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Moody's Downgrades U.S. Banking System to Negative

Moody's Investors Service downgraded its outlook on the entire U.S. banking system to negative from stable due to a rapidly deteriorating operating environment and key bank failures, despite regulators' efforts to shore up the industry.

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Moody's logo

Moody's Investors Service has downgraded its outlook on the entire U.S. banking system to negative from stable, citing a rapidly deteriorating operating environment. The move comes in light of several key bank failures and extraordinary actions regulators took to shore up the industry. The downgrade could impact credit ratings and borrowing costs for the sector.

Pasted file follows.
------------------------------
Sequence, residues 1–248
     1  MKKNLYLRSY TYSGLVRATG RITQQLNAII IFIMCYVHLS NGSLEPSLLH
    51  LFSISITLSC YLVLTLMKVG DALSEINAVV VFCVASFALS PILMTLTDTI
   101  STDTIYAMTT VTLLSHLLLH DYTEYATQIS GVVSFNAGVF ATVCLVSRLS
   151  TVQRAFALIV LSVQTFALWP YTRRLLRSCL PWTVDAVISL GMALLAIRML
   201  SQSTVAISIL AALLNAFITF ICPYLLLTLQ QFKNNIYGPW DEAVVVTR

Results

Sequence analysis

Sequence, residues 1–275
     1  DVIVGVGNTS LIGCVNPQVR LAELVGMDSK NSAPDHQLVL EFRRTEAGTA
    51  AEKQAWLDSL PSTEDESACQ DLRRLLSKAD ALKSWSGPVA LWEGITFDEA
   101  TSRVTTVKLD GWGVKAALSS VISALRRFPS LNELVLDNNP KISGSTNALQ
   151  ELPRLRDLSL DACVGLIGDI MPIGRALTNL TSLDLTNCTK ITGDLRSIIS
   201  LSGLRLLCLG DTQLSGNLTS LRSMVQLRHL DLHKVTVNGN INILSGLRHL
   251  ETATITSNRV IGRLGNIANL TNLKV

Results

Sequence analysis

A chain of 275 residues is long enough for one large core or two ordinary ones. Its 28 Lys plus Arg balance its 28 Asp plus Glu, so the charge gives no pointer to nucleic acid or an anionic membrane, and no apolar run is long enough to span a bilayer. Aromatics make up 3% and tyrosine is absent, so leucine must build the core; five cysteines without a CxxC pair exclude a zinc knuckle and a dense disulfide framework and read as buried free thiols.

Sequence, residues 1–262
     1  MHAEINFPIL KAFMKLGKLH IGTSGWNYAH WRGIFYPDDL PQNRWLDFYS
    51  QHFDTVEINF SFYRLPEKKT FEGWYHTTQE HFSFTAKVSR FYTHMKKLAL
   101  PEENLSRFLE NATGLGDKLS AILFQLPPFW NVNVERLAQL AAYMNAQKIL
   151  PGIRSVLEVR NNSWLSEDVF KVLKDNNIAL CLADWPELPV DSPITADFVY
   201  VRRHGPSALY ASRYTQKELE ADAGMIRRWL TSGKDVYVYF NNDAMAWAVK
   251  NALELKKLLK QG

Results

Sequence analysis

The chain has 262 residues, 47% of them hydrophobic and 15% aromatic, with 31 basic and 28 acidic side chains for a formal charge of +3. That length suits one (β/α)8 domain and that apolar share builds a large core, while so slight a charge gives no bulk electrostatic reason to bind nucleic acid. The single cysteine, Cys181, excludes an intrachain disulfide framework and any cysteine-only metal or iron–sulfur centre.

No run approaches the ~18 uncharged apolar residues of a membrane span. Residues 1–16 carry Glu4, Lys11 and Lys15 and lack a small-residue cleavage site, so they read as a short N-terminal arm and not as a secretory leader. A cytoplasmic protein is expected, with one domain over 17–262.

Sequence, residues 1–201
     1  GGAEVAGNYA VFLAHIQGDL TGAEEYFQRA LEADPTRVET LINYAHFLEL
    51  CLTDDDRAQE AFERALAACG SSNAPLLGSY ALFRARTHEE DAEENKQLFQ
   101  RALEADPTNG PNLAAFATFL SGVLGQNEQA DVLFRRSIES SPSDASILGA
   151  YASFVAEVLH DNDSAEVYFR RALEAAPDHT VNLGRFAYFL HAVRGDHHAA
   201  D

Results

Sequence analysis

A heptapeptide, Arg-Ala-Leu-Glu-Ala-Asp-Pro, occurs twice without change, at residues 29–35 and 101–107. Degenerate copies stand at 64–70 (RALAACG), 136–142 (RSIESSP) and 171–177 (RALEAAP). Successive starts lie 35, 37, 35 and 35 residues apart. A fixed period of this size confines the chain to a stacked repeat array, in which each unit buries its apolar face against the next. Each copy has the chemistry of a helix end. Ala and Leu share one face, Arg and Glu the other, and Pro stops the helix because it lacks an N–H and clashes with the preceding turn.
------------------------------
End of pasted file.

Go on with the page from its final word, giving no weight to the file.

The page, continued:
Individual Institutions Downgraded or Reviewed for Downgrade

Moody's downgraded Signature Bank, removed all ratings and placed the following institutions under review for potential downgrades: First Republic, INTRUST Financial, UMB, Zions Bancorp, Western Alliance, and Comerica. The extended period of low rates combined with pandemic-related fiscal and monetary stimulus has complicated bank operations.

Persistent Pressures and Economic Recession Ahead

Moody's expects the U.S. economy to fall into recession later this year, further pressuring the industry. It anticipates ongoing monetary policy tightening and higher interest rates, which will reduce earnings at banks, particularly those with a greater proportion of fixed-rate assets. Banks with substantial unrealized securities losses and uninsured depositors may still be at risk for adverse effects on funding, liquidity, earnings, and capital.

Market Reacts Positively to Downgrade

Despite the downgrade, bank stocks rallied strongly. The SPDR Bank exchange-traded fund rose nearly 6.5% in morning trade, and major indexes were higher, with the Dow Jones Industrial Average up nearly 450 points, or 1.4%.